Exclusive: I ‘wined and dined’ NYT and WSJ for favorable coverage, health insurance whistleblower says

Brad Jacobson
Raw Story 

“It was so easy for me to get my way”

A former health insurance insider turned whistleblower says that he was not only surprised at how “easy” it was to manipulate members of the news media over the years, but also reveals that he routinely “wined and dined” reporters from major news outlets – including the New York Times and the Wall Street Journal – in return for favorable coverage.

In his new book Deadly Spin, Wendell Potter describes how his chief function as a senior public relations officer at two of the largest for-profit health insurance companies in the United States – Humana and Cigna – was to “perpetuate myths that had no other purpose but to sustain those companies’ extraordinary high profitability.”

But in an extended interview with Raw Story last week, Potter went further, revealing that he lunched with reporters at major media outlets for years – including journalists at the New York Times and the Wall Street Journal – as well as those from local and regional media, in most cases picking up the tab, which he says directly resulted in positive coverage of the companies he represented.

In an email to Raw Story Sunday night, New York Times spokeswoman Danielle Rhoades Ha responded, “The claims are unsubstantiated and absurd since no names of reporters, examples of stories or other pertinent facts are provided to support these claims.”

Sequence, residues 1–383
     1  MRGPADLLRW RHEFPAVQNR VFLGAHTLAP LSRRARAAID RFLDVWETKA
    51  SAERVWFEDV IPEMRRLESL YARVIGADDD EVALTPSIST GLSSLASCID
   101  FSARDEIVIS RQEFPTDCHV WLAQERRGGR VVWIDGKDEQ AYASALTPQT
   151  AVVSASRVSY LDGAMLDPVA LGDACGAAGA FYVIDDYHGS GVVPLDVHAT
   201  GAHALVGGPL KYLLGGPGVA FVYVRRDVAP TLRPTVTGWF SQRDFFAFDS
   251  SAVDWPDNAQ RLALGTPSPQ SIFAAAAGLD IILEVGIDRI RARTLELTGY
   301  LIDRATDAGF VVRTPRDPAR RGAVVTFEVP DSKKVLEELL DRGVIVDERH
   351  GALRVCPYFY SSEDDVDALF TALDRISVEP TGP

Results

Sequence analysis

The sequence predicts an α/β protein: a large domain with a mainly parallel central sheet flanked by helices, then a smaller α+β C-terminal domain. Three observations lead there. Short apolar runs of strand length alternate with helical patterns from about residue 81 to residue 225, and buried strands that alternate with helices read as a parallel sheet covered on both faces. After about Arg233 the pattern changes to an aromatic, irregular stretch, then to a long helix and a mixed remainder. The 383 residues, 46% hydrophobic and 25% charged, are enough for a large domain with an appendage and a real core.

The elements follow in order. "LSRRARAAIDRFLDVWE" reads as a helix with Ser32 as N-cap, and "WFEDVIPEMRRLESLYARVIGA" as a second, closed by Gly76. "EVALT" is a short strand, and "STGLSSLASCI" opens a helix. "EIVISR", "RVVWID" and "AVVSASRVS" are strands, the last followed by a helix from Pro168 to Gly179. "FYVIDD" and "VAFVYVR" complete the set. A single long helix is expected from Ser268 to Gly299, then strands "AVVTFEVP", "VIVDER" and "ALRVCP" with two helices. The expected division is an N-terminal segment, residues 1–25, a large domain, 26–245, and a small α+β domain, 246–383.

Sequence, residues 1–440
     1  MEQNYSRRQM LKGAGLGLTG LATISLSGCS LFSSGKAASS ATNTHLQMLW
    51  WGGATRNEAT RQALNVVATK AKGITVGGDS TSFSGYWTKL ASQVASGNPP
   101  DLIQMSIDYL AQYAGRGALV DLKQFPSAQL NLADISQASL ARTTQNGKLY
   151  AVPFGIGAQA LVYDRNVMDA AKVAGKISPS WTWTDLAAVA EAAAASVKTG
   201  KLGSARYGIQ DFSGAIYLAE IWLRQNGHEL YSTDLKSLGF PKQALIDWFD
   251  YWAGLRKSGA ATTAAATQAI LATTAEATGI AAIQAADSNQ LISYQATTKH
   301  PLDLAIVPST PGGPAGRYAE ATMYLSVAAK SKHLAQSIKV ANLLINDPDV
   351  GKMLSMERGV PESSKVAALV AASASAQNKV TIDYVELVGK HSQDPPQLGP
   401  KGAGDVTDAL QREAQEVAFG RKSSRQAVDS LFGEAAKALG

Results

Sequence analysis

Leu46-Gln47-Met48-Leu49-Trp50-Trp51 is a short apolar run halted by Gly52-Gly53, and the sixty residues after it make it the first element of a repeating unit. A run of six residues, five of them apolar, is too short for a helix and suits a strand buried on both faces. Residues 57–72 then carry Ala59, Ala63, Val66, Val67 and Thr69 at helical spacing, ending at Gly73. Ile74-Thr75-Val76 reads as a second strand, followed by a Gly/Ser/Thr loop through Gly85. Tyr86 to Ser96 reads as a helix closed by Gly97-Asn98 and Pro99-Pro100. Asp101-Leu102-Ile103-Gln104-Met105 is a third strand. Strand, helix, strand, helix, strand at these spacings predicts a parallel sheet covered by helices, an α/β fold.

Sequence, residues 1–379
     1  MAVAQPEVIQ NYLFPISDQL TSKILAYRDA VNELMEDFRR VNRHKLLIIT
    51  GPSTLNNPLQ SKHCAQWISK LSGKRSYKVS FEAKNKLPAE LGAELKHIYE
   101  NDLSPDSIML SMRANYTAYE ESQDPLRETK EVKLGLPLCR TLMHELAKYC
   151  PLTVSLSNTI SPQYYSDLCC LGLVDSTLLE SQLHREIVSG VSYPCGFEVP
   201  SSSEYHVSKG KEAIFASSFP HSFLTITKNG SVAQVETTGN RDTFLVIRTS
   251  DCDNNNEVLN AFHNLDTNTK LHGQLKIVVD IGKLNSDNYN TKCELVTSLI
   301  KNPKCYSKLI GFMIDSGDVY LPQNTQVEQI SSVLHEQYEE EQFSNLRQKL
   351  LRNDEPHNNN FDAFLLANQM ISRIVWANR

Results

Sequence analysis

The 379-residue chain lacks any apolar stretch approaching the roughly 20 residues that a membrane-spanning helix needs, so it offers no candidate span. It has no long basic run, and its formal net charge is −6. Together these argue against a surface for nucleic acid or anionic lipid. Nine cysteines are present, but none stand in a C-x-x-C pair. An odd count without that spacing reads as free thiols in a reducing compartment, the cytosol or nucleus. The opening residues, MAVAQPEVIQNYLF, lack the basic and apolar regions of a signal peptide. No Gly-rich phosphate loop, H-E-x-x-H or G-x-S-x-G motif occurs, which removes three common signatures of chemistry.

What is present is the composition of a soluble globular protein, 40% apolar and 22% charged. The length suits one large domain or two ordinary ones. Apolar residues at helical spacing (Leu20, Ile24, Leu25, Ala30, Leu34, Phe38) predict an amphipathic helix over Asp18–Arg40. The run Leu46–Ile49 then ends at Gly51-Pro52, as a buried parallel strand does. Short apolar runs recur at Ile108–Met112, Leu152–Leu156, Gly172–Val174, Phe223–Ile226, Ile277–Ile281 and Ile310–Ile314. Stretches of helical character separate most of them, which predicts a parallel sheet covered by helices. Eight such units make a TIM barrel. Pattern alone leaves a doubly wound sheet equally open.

Wall Street Journal spokeswoman Ashley Huston declined comment.

In a follow-up call Sunday night, Potter reiterated to Raw Story that he would not name reporters from the Times or the Journal who embraced such relationships with him because he did not want to single them out for embarrassment. He said that he engaged in this practice with many different major media outlets for years, but cited the Times and Journal to underscore that even the most venerable news sources took part.

Potter also said that he did not cite specific articles because it would have the same effect of outing those reporters.

He noted as well that these meetings with reporters were “a process that developed over time” and didn’t just result in influencing a handful of articles, but “many articles over the years,” even including ones which were generously spiked after such interactions.

“Just like lobbyists do for lawmakers”
“What you do, at least if you’re successful — and I was at Cigna for almost 15 years — you work to develop good relationships with reporters who are important to your company and to your industry,” he explained. “You give them special attention.”



“We would go to lunch whenever we could,” continued Potter, who, at the age of twenty-four, was covering the White House, Congress and the Supreme Court for Scripps Howard news service before going into public relations in the late 1970s.

He said that sitting across the table from someone helped to develop a better rapport than if they were always just “a voice at the end of a telephone line.”

“It was important for me I’ve always found to have a personal relationship with someone that’s based on going to lunch,” Potter said. “It was just part of what I did to try to make sure that my company’s point of view was included in their stories.”

He added, though, “I would essentially wine and dine them, just like lobbyists do for lawmakers.”

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